Official: Google Now Lets One Domain Dominate Search Results

Prior to this week, Google would only show up to two results from the same domain on a single search result page. Now, Google has confirmed what many are seeing, where a single brand dominates a single page of Google’s search results.

This is not a bug, this is not an anomaly, it is an intentional change to Google’s ranking algorithm. Google said:

Today we’ve launched a change to our ranking algorithm that will make it much easier for users to find a large number of results from a single site. For queries that indicate a strong user interest in a particular domain.

What I find interesting is the last statement by Google:

We expect today’s improvement will help users find deeper results from a single site, while still providing diversity on the results page.

Remember, Google’s Peter Norvig who said, “for the second one [search result], you don’t want something that’s almost the same as the first. You prefer some diversity, so there’s where minority views start coming in.” You prefer diversity. Google is clearly saying that a result from the same site can still be diverse and different enough, even if there are ten results, all from the same site.

On the reputation management front, this is a clear winner for those with reputation management issues.

Related Topics: Channel: SEO | Google: SEO | Google: Web Search | SEO: Host Crowding & Clustering | Top News

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About The Author: is Search Engine Land's News Editor and owns RustyBrick, a NY based web consulting firm. He also runs Search Engine Roundtable, a popular search blog on very advanced SEM topics. Barry's personal blog is named Cartoon Barry and he can be followed on Twitter here. For more background information on Barry, see his full bio over here.

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  • http://www.michael-martinez.com/ Michael Martinez

    ” On the reputation management front, this is a clear winner for those with reputation management issues.”

    I think people will find that the reputation management benefit is limited to brand value site names. Just typing in a domain name doesn’t guarantee you the expanded results set.

    However, this is another signal people can use to determine if Google thinks they have achieved brand value.

  • http://DonnieCooper.com Donnie Cooper

    Hey Barry, Thanks for the update!

    I’ve noticed this change working just find for larger brands. But a lot of smaller, more niche web sites (that I have investigated so far), are not getting the same.

    I wonder what the means for those who have an exact match domain name for a highly competitive keyword?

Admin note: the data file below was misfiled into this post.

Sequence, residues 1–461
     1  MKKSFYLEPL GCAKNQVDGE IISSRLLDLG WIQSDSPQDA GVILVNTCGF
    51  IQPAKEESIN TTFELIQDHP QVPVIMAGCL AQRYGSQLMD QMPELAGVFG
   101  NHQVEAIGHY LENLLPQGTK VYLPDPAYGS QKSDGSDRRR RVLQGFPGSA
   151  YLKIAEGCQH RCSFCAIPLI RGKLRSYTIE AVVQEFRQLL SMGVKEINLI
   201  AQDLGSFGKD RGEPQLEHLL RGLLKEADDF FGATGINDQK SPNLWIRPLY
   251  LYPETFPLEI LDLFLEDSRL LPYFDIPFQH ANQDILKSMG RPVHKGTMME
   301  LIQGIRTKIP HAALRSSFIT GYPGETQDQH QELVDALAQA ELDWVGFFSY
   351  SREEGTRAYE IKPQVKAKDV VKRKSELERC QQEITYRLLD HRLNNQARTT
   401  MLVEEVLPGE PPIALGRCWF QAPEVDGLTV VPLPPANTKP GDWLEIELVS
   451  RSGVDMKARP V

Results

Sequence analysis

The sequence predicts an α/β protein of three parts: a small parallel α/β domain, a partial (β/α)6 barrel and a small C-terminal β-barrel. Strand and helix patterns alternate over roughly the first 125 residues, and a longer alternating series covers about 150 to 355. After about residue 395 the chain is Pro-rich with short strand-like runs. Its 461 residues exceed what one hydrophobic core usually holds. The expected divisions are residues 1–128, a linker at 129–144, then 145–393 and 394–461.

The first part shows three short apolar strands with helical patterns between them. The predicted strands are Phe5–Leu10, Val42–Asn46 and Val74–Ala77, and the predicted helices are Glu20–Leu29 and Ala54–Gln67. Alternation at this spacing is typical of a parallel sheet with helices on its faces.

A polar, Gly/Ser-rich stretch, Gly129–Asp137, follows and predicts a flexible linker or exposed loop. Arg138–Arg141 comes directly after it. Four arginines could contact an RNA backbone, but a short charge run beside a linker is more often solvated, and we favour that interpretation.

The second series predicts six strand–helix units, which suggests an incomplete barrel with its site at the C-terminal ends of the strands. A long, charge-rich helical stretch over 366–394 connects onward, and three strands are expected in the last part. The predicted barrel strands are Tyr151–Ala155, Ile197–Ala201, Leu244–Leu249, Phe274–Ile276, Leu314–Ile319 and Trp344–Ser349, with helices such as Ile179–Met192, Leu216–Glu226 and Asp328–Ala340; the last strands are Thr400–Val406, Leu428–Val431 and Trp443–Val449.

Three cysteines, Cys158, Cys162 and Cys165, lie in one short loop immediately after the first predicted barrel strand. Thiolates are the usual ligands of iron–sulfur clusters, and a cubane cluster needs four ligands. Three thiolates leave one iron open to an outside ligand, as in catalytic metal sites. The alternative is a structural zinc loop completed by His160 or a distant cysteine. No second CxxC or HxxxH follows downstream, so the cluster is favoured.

• nate

    Great Article,

    I think its a shame how Google is moving away from “Don’t Be Evil”. This is an obvious advantage for big brands. Hopefully consumers will wise up and begin testing other search engines . Don’t get me wrong, I use Google most the time and place the majority of our search budgets in the engine, however I have seen the level playing field of search diminish over the last 6 years.

    Nate

  • http://www.freelance-translator.biz clickhunt

    This is interesting. It looks as if Google tries to make searches more accurate, though I wonder how the different pages from a same site are selected.

    On the other hand, I saw yesterday a debate in Digitalpoint about the fact that being #1 in Google does not guarantee you automatically a #1 in the local Googles due to the recent trend of Localization in the Big G. The article that sparked this debate was http://www.seo-translator.com/your-google-ranking-is-worthless/.

    So taking the lead of this article, i performed the search you mentioned in several local Google sites, with mixed results. For example, in Google India (google.co.in) the top three are indeed from Apple, but #4-6 are local results from Indian companies, followed the again by apple.

    So I would assume that though indeed big companies will now grab more attention, it is not so that they will grab the whole page – local results seem to weigh also heavily, specially because the local companies that I mentioned rank (and not all of them) on page 2 of the global Google.com results…

  • http://www.nuttakorn.net nuttakorn

    For the criteria that Google use , Is that trademark or large enterprise with large indexed of pages or high pagerank website? This is interesting to use for ORM criteria for brand protection.

  • http://www.wisnaes.com/ Oceanwatcher

    For me as a user of Google search, this is definitely a negative thing. If I wanted to search the domain, I would have searched for

    apple.com iphone

    Now I need to specifically exclude it from my search!

    It would have been much better to only show one single link from apple.com and then be able to click on “Show more results from this domain”.

    They could also be kind enough to offer this to anyone logged in to their services so it becomes a configuration option.

    The next step would be to allow people to permanently hide results from specific domains when they search, and make it REALLY easy to hide them. Click on a “Hide” link next to the result and get an option to hide the domain, not just that single result.

  • http://KJ KJ

    Surely many users will look at these results, think they’re getting a very limited choice and try Bing.

  • http://www.weblinkindia.net ArunPratapSingh

    I think it is good for user …….. like if a user want to search about google blog then he want to like explore the google blog official website not to other. but its most difficult for google to indentify official website of brand.

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